Land-use restrictions and a lack of public investment in roads, rail and other infrastructure have made it harder than ever for developers to find sites to build homes.
As people keep moving to cities, they are pushing up the price of dirt and making the housing shortages in these fast-growing areas even worse.
Land is far more expensive today than it was decades ago. Until the second half of the 20th century, America’s population was far more spread out, living where land was cheap. But as more people moved to a small number of cities with abundant office jobs, and municipalities passed stricter zoning codes that made it tougher to build housing, land prices and housing costs surged.
This historic land boom has provided a windfall for homeowners. U.S. residential land alone is now estimated to be worth more than $20 trillion, about 47% of U.S. home values. That is up from 38% in 2012 and less than 20% in the early 1960s. The rising value of land is responsible for almost all of the surge in home values in recent decades, he said.
Inadequate infrastructure is also boosting land inflation. In Nashville, for example, commutes have been getting longer as the population grows, U.S. census data shows.
A lack of viable public transit options mean commuters often have little choice but to inch down clogged roads.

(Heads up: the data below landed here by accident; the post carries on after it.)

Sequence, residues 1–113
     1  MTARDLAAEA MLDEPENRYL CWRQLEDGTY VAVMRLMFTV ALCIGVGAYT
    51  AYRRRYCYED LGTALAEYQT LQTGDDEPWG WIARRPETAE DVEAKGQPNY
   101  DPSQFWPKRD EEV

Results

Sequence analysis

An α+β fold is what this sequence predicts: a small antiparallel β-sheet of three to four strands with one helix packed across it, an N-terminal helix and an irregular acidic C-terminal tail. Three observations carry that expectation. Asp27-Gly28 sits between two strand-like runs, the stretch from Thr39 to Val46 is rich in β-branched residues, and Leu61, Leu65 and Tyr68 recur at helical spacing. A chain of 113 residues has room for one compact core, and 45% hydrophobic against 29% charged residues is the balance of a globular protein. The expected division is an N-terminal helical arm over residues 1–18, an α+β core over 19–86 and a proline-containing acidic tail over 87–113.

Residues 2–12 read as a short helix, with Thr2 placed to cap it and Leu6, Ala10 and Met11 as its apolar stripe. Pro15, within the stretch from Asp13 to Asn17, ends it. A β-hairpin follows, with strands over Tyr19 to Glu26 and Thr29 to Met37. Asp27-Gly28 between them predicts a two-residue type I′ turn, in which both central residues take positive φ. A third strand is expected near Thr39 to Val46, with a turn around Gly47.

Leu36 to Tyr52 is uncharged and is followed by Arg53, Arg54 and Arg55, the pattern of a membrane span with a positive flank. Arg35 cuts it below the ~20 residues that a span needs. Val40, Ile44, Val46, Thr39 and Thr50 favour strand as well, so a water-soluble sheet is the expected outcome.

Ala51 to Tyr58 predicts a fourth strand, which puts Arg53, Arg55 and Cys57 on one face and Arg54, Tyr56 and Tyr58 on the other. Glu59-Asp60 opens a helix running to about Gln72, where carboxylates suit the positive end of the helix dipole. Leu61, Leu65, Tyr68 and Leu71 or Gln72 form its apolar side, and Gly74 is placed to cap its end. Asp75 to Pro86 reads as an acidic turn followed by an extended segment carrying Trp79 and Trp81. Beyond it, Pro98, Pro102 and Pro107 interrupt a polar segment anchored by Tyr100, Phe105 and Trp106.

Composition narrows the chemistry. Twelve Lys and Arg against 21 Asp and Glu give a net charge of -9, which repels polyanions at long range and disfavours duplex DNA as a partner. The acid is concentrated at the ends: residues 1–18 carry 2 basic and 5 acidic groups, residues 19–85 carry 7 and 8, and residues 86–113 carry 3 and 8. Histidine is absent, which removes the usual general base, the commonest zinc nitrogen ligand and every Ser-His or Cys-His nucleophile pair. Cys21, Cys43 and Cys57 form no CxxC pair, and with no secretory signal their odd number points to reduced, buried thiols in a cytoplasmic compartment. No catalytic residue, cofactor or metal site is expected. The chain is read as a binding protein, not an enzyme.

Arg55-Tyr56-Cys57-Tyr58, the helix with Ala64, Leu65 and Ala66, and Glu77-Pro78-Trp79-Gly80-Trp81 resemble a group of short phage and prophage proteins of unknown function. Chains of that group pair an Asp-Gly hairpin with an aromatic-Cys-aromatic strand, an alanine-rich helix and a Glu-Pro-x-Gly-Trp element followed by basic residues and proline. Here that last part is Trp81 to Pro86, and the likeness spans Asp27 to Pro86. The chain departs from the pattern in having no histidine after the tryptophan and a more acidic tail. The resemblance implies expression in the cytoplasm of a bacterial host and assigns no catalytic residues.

The Federal Reserve’s efforts to fight inflation might bring prices down. Higher interest rates and construction costs are already weighing on the land market, brokers say, and other parts of the real-estate market are starting to slow.
While land prices haven’t fallen, there are fewer bidders on deals. Some landowners worry about a downturn similar to the 2008 financial crisis, when home and land values plummeted after years of debt-fueled excess.
Still, the lack of supply and the strong demand mean land prices will likely continue to rise, at least in the short term.
Most economists say municipalities need to relax zoning rules and other restrictions to bring down land inflation and build more housing. But these changes are often unpopular with homeowners, who benefit from rising land values and make up around 65% of U.S. households. Adding more housing also often requires costly investments in roads and other infrastructure.
Once land inflation sets in, it can be hard to reverse. Landowners who think their property will become more valuable have little incentive to sell today, making it even harder for developers to find sites.